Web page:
VDOT District Administrator Dennis Heuer resigns

Posted at 2:30 PM, Feb 14, 2013

NewsChannel 3 has been taking action and following the I-264 pothole saga since Friday, reporting on it every single day.

Now, the results have come.

Dennis Heuer, the head of VDOT in Hampton Roads, is stepping down after intense public outcry from local residents, state lawmakers, and city leaders over the horrible potholes.

As for the company responsible for fixing those potholes--their new $34 million contract is now on hold, as VDOT's commissioner refuses to sign it before an internal review on their performance is done.

Since Friday's pothole debacle, NewsChannel 3 demanded answers from VDOT, taking them to task for their slow response, and asking who would be held accountable for their failures that led to this damage of more than 20 cars on I-264 from crumbling concrete.

We asked why District Administrator Dennis Heuer still had his job after a series of transportation disasters he always said it was his responsibility.

Even the City of Norfolk sent a letter to VDOT Thursday, with Mayor Paul Fraim saying I-264's condition was "the apparent result of a failure of management. We fully expect those persons responsible for this situation will be held accountable."

It was under all that pressure that Thursday, Dennis Heuer resigned, effective Friday.

“With the amount of press and concern that was raised around these issues and others, he felt it was in his best interest and the best interest of commonwealth, Hampton Roads, to pursue other interests,” said VDOT Commissioner Greg Whirley. “I believe in learning from mistakes, and we have had a couple issues, I trust that Dennis made the right decision.”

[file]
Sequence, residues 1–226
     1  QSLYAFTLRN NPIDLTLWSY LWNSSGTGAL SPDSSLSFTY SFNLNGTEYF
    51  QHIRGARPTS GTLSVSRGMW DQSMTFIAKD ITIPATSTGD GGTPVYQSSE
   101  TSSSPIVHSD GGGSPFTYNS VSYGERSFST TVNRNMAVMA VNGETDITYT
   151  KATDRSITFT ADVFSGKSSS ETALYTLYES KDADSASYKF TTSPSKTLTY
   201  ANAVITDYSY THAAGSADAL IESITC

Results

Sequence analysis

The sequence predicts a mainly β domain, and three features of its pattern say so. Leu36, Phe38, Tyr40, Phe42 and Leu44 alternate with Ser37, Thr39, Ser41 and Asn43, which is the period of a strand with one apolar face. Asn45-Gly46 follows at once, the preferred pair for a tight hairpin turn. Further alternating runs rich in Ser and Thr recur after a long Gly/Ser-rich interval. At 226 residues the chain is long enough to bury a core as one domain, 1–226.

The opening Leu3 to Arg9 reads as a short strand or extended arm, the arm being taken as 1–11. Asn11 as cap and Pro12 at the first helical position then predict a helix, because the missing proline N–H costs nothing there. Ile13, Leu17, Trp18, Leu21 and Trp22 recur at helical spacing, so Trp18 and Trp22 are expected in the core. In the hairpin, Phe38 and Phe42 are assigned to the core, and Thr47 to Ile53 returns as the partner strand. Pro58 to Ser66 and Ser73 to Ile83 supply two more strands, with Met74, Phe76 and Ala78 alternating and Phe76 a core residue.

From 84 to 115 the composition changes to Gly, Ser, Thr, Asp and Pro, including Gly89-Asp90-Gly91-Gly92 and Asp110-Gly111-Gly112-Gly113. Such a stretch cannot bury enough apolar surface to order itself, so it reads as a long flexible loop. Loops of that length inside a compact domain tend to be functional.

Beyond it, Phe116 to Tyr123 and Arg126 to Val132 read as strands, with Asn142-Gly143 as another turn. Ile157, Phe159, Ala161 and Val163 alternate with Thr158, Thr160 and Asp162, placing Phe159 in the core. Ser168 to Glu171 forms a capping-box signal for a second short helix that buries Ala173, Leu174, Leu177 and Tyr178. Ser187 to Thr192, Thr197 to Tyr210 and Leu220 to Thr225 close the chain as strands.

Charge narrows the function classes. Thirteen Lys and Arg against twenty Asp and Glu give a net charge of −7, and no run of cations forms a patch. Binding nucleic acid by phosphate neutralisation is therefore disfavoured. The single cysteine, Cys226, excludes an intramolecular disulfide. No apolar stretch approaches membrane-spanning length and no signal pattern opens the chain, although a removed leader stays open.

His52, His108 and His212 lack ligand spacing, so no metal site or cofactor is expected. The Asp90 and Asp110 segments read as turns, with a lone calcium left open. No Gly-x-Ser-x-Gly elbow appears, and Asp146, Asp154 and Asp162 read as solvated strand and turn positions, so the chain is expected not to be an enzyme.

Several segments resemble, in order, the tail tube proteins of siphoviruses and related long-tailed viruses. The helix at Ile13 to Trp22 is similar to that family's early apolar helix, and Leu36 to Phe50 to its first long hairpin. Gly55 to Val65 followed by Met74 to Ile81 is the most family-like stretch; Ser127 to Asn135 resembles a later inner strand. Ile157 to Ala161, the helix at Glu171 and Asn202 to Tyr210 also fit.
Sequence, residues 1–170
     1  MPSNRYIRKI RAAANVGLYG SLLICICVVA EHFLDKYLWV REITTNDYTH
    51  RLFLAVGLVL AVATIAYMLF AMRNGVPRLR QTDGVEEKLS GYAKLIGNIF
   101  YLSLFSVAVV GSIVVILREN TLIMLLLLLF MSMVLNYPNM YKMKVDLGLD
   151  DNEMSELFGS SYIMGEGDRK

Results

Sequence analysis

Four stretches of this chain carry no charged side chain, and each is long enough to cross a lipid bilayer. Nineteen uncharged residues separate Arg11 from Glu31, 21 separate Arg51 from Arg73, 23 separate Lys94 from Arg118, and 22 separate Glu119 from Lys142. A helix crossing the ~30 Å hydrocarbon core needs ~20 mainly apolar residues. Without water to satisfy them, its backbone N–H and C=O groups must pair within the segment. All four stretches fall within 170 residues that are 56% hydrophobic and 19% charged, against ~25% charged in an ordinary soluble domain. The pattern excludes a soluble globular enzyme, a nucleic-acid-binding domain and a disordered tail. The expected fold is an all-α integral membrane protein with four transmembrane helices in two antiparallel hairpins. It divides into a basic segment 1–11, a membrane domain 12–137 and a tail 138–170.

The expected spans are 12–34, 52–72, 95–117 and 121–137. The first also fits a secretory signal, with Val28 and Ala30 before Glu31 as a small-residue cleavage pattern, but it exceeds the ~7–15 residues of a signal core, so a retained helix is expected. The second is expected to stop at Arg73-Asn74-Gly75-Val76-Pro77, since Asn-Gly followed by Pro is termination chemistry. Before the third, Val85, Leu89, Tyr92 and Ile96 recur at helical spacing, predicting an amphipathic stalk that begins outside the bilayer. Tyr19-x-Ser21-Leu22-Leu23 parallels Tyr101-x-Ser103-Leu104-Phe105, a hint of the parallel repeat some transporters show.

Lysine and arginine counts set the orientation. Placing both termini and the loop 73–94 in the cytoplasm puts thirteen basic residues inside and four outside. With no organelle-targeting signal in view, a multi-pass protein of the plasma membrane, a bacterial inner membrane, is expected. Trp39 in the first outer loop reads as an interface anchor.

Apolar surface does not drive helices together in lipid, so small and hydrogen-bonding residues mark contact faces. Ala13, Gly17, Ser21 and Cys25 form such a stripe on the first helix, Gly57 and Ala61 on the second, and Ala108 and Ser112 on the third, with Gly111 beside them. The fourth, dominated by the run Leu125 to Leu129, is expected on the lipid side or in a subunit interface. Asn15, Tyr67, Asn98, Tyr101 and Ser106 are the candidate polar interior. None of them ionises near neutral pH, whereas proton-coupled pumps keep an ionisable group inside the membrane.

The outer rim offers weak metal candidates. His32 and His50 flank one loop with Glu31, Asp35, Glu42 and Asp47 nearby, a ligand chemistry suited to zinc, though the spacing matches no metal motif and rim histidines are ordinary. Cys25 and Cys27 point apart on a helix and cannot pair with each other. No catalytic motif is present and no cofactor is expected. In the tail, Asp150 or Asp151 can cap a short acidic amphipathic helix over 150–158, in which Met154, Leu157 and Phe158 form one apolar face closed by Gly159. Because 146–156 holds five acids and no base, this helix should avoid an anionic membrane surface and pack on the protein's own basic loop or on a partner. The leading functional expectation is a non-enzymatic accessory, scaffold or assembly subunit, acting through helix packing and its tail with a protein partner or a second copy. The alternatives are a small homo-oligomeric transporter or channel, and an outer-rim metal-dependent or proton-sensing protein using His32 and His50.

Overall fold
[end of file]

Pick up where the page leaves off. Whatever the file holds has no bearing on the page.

But was it a forced resignation? The commissioner wouldn't comment.

“Dennis has made his decision, we need to move on. Focus now is now on how do we improve road network,” says Whirley.

The commissioner ordered a comprehensive internal review, trying to figure out if TME upheld their maintenance contract, and if VDOT was properly watching over their work.

{my chief engineer is reviewing those records, going to meet with Tme, review their records, as a part of his report, will make an assessment on if the monitoring process was effective}

{they also have a responsibility, that is if you put in a certain patch, and that patch is not working, then you need to change and do something different, don’t wait for Vdot to tell you to switch from cold mix to hot mix, particularly if that patch is not holding}

after troopers deemed pothole ridden 264 too dangerous to drive on Friday, the VDOT commissioner also put a halt to approval of TME enterprise’s new 34 million dollar  maintenance contract, set to start in may.

“I have not signed  a new contract with TME. I do not plan to sign a new contract with TME until such time that I’ve complete my review, and I’m sure we have the right requirements in the contract, and I’m comfortable that the contractor can deliver,” says Whirley.

A final report is due by next Friday, which will have more answers as to who failed at VDOT in holding the contractor accountable.

As for Heuer's temporary replacement, that will be Mike Estes, who now serves as VDOT's director of strategic initiatives, while the search begins for Heuer's permanent replacement.


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